Lieberman’s Right-wing Party May Join Government on Sunday

Lieberman might forego his demand to move ahead legislation for the death penalty, or he may demand that it apply only in military courts; Likud source expresses surprise at ‘low cost’ demanded by Yisrael Beiteinu to enter coalition.

Jonathan Lis
Jonathan Lis
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Avigdor Lieberman
Avigdor Lieberman. Credit: Ilan Assayag
Jonathan Lis
Jonathan Lis

Prime Minister Benjamin Netanyahu and Yisrael Beiteinu leader Avigdor Lieberman may sign the coalition agreement on Sunday that would bring the latter’s right-wing party into the government.

The negotiating teams are waiting for decisions from the Finance Ministry regarding one of Yisrael Beiteinu’s demands: The funding of a pension program aimed at immigrants from the former Soviet Union, which the parties have already agreed on.

No decision has been made on whether to include the issue of the death penalty for terrorists in the agreement. According to a source involved in negotiations, Lieberman might forego his demand to move ahead legislation for the death penalty, or he may demand that it apply only in military courts.

If it is to be applied only to military courts, the death penalty would not be invoked if a regular majority of judges on a given bench approve it – as the law currently states – but only if approved by an absolute majority of the bench.

The original death penalty bill Lieberman promoted as part of his election campaign stated that the death penalty would apply to terrorist murderers convicted in Israeli courts.

Sources in Likud said they were surprised at the low cost of Lieberman’s entry into the coalition, in terms of funding and legislation demands. Lieberman will assume control of the Defense Ministry this week.

Lieberman met separately with Netanyahu and Finance Minister Moshe Kahlon on Friday to iron out the pensions issue. Likud and Yisrael Beiteinu said any problems can be resolved.

Lieberman had already relented on all his demands regarding legislation concerning religion and state, so as not to face off against the ultra-Orthodox parties within the coalition. These demands had included a reform of the military draft, of conversion and civil marriage.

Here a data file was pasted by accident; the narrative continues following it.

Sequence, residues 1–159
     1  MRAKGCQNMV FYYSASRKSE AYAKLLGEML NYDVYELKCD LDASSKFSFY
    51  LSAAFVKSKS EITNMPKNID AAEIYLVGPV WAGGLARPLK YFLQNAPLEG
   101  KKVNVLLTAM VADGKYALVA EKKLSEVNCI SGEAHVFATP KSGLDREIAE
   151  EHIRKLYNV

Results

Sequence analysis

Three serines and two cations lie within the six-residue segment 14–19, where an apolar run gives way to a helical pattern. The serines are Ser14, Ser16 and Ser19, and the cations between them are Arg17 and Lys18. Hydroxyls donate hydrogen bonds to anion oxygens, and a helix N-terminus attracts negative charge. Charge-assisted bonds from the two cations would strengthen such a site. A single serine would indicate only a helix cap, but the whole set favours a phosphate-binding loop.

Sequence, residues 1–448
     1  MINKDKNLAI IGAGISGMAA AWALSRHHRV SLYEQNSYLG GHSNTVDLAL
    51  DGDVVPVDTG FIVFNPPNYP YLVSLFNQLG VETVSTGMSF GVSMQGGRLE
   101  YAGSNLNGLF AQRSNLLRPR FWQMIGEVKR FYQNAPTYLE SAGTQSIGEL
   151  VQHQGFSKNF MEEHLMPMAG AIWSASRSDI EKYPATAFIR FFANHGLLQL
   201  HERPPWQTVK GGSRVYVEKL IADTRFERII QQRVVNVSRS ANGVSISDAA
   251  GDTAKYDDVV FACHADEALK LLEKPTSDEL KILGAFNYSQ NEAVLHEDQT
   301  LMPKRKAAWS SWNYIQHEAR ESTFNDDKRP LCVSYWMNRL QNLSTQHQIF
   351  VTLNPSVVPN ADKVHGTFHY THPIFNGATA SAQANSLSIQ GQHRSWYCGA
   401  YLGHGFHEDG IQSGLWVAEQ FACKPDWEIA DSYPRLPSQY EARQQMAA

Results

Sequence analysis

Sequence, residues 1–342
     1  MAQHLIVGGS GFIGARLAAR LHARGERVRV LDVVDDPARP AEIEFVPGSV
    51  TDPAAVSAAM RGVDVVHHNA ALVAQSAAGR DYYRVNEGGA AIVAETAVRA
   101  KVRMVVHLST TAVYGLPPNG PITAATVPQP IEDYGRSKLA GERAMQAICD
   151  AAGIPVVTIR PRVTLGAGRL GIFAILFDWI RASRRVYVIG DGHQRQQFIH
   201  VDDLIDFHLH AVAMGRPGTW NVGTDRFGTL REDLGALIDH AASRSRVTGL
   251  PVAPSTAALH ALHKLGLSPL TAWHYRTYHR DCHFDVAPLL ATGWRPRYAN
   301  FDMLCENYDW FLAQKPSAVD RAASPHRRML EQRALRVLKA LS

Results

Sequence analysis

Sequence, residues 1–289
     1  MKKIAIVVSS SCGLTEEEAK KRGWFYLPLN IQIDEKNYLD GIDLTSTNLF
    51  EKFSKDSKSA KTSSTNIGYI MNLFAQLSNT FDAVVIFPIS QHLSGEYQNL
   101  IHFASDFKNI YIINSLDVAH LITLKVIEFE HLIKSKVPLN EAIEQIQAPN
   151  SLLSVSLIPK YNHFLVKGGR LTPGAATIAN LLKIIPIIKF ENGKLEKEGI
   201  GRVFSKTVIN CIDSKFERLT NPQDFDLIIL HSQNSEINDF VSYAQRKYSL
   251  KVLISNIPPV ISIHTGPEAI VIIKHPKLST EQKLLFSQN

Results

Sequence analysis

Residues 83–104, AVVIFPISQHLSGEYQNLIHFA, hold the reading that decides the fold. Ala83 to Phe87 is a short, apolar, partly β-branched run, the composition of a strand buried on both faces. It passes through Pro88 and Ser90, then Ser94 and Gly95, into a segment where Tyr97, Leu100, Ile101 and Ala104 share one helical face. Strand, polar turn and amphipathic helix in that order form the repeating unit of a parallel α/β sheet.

Lieberman’s demand for better pensions for immigrants from the former Soviet Union was to have been met even if he didn’t enter the coalition, as part of Netanyahu’s efforts to garner Yisrael Beiteinu’s support for the budget.

MK Orli Levi-Abekasis (Yisrael Beiteinu) said on Saturday she was surprised to learn that Lieberman had not added significant demands on socioeconomic issues as a condition for entering the coalition. She said Lieberman had not reported to her on the talks.

Speaking on Channel 2’s “Meet the Press,” Levi-Abekasis said, “The intention was that I wouldn’t know ahead of time, so I wouldn’t make demands for a strong stand on social issues.”

She added that Lieberman had called her on Wednesday evening, after he had already agreed to enter the coalition, and told her “what we wanted and what we got. It was then l realized that [Lieberman] didn’t want the things I had demanded. I had put these issues on the table.”

Levi-Abekasis added, “I am number 2. It is inconceivable that negotiations will take place and I am excluded from them. In the negotiations that took place after the election, I presented some of the same demands. This time, we did not demand and did not insist.” Therefore, Levi-Abekasis said, the faction’s ability to change things from within the government has been compromised.

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